All related (36)
Jeffrey Vocell
Head of Product Marketing, Narvar | Formerly Iterable, HubSpot, IBMJuly 21
Great question. Building relationships with Product is paramount to our success. I think this comes down to a few things... 1. Establish a personal relationship with your product stakeholders. Get to know them and what drives them (beyond just work). I had one PM I used to work with who is a musician and plays guitar when he's not working, and we always talked about music and connected much deeper than just the latest project. Beyond that, make sure you have regular 1:1s with your product stakeholders and connect on the projects they're working on, but also that yo...
Sarah Khogyani
Group Product Marketing Manager, CoinbaseMay 25
The answer here is investing in the relationship. A PM is a PMM's primary strategic partner in most cases. I advise my team to prioritize the weekly 1:1s or coffee chats. It's important connect at the human level, by being curious about personal and non-work parts of their life. A healthy working relationship is founded on mutual respect and empathy.
Priya Gill
Vice President, Product Marketing, MomentiveJune 30
The start of building a great working relationship is clearly showing the expertise and value that you uniquely bring into the partnership with Product. As a PMM expert, you want to be seen as the central hub for a lot of critical information regarding not only your customers, but the products you sell, competitors, industry analysts, and many other constituencies. To be considered a subject matter expert, you need to continually gather and analyze data and business intelligence from all of the sources mentioned, Sales and CS, plus external sources — and use this data to inform the evolutio...
Priya Gill
Vice President, Product Marketing, Momentive
Not sure I completely answer the question. Typically when I ask candidates to give a presentation, it's less about the specific products they're presenting, but rather HOW they present it. Can the candidate articulate how they effectively approached their GTM strategy, from ideation to execution and beyond. Can they effectively launch a product/feature and properly engage the right cross-functional partners to make that launch a success? Are they outcome-oriented and think about the metrics they're trying to drive with a given launch? Those are just a few things that I would be looking for ...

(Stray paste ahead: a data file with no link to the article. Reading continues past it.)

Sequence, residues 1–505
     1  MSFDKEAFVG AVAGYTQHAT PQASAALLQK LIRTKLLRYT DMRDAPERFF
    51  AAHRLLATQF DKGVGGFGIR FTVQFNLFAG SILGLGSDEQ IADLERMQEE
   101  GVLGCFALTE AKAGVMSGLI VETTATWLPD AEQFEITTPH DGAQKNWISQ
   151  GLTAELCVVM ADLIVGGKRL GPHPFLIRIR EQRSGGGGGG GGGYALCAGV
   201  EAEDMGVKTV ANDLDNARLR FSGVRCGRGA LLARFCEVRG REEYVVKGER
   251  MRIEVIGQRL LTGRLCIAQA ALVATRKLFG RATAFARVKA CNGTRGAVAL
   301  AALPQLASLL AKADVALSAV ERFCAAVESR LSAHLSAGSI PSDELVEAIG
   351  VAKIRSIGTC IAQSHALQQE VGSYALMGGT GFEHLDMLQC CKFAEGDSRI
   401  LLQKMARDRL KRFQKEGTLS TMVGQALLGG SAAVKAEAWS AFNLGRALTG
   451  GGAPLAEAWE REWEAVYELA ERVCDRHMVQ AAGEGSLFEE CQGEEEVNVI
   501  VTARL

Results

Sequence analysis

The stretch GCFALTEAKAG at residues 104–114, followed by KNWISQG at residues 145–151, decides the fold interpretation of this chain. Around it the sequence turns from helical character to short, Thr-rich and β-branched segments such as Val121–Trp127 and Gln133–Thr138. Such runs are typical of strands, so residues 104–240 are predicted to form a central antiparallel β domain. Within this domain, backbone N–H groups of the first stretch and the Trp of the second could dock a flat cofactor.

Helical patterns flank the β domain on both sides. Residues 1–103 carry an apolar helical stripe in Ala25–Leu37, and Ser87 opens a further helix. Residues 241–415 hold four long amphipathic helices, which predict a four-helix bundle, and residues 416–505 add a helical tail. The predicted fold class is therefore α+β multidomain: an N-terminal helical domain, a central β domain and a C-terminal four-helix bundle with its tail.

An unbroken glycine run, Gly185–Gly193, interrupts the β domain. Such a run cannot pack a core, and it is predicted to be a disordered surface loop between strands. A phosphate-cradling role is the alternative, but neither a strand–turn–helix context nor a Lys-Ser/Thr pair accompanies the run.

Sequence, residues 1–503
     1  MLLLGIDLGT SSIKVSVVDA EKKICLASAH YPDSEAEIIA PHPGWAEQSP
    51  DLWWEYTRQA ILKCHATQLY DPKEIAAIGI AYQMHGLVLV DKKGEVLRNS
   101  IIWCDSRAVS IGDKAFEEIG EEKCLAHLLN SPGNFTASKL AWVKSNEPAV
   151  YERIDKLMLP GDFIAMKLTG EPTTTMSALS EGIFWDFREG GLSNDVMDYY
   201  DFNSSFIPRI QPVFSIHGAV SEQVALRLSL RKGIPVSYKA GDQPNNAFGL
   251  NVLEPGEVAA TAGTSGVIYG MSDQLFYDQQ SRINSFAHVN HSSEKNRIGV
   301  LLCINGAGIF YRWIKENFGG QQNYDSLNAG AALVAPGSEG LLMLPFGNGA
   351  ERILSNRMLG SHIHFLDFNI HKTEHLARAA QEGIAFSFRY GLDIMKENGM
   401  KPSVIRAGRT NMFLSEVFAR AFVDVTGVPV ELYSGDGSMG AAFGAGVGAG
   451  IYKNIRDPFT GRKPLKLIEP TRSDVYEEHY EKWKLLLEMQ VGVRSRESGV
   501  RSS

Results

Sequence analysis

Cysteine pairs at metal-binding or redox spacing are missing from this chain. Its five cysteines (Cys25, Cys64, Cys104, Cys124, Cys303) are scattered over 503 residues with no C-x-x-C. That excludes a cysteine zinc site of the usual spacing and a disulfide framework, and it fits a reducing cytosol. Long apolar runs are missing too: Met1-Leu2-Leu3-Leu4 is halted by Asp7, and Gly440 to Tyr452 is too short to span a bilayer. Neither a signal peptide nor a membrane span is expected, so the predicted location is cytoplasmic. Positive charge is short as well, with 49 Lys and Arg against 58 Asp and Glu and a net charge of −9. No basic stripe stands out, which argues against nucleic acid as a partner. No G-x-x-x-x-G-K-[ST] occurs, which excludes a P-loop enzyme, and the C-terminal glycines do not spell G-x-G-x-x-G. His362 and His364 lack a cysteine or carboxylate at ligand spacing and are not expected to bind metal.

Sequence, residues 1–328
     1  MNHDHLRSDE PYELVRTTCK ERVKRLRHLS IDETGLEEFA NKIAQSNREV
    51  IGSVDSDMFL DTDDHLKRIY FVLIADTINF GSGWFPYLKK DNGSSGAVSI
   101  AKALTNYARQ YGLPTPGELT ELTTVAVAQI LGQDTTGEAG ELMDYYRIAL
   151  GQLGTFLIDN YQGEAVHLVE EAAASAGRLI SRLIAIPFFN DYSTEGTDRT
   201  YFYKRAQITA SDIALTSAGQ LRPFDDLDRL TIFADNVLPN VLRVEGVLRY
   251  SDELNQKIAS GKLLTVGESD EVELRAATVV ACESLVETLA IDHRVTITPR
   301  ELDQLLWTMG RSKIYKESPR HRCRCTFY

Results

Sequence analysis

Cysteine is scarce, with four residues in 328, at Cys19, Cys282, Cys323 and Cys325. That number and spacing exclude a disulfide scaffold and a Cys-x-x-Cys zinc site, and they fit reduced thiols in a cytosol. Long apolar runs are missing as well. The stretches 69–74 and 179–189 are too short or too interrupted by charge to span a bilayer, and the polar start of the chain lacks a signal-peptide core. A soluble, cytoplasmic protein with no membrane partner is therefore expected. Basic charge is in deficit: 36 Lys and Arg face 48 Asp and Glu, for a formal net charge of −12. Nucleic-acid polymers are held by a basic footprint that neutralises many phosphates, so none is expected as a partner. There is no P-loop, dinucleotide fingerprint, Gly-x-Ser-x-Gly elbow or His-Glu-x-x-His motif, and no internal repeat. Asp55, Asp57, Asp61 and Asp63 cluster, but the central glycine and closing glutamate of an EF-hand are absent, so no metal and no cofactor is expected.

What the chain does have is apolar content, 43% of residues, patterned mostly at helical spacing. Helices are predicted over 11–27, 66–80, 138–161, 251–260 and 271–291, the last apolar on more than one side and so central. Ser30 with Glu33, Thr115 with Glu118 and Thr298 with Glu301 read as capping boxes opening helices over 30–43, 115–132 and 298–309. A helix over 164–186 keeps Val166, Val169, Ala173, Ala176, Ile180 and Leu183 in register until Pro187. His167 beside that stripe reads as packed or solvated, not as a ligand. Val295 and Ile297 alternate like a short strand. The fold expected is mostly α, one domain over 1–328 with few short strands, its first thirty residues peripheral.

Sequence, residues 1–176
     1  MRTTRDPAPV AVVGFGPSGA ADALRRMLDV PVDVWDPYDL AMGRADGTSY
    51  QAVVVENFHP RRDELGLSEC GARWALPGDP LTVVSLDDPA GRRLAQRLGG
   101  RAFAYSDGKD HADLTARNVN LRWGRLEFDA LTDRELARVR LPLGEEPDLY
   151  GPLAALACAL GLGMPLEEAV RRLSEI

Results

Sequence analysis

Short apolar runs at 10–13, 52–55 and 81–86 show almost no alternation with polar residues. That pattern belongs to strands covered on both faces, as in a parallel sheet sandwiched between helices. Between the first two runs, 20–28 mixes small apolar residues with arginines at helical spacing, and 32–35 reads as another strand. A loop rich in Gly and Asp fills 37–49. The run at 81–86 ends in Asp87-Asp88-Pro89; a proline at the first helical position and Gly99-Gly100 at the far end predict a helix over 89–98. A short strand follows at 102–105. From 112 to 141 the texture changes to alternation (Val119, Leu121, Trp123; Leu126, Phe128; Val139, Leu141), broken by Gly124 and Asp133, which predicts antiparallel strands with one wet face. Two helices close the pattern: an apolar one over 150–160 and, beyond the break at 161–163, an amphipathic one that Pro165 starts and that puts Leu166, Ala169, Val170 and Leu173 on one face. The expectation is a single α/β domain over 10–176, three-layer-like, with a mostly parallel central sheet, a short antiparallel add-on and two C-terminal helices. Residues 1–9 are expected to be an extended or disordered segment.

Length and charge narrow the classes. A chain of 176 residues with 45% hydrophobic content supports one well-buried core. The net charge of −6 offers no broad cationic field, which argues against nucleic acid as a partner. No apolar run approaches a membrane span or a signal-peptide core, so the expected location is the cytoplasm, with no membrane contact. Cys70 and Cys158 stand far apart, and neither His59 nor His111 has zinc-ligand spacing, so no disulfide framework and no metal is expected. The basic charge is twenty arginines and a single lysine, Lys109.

Brianne Shally
Head of Product Marketing, Nextdoor
Sharing the product roadmap externally is a great way to share the company's vision, investment in innovation, and upcoming features to get prospects and customers excited about the potential. It can be a strong selling tool to get prospects on board and a resource to get current customers to invest more. What's important is that the roadmap isn't standing on it own, but partnered with an overall vision to show how product efforts later up to a great vision. This is where Product Marketing can play a strong role in storytelling and positioning to bring it all together. I've seen this execut...
Laura Jones
Chief Marketing Officer, Instacart
  To establish credibility with a new team, the first step is understanding the team's need, laying out a vision for how you can best add value, and aligning around expectations. It is important to know the user, the market, and the product so that you can engage with the cross-functional team in a meaningful way from day one. With a clear set of objectives and foundational understanding of the space, you can quickly begin to make an impact on the team.  
Gregg Miller
VP of Product Marketing, Oyster®
It's all about doing great work that matters to the business, matters to your partner, and fits into the context of the relationship! The playbook below can help get the ball rolling. Sorry for the long answer, but it's a complex question with big implications for your ability to add value as a PMM. 1) It's essential to understand your business — the market you play in, the strengths/weaknesses of the competition, how customers feel about you, etc. — better than just about anyone else in the company. Your level of fluency (or lack thereof!) will be visible in how you show up: the insight...
Jeffrey Vocell
Head of Product Marketing, Narvar | Formerly Iterable, HubSpot, IBM
It depends what the meeting is. More generally what PM expects from PMMs include: 1. Intelligence on Customers - Trends, NPS data, insights from conversations or a Customer Advisory Board. In other words, what are you hearing from customers or trends in data are you seeing that should or will impact product or the strategy.  2. Intelligence on Competitors - It's important to be aware of what competitors are doing, but not blindly follow them. With that said, what products are they releasing and how is your differentiation changing. 3. Intelligence on the Market - For...
Robin Pam
Product Marketing Lead, Stripe
* Be objective: Use customers' exact words and quotes as much as possible. Be the notetaker, the objective observer, and people will start to trust your observations. * Be concise: Once you've listened, sat in on meetings, taken good notes, get good at synthesizing them into short summaries. Most people don't read long emails or sit through long meetings, so it's important to be brief. I got into product marketing with a liberal arts background, and synthesizing customer research and insights is a great way to put your writing skills to work. * Be consistent: The mos...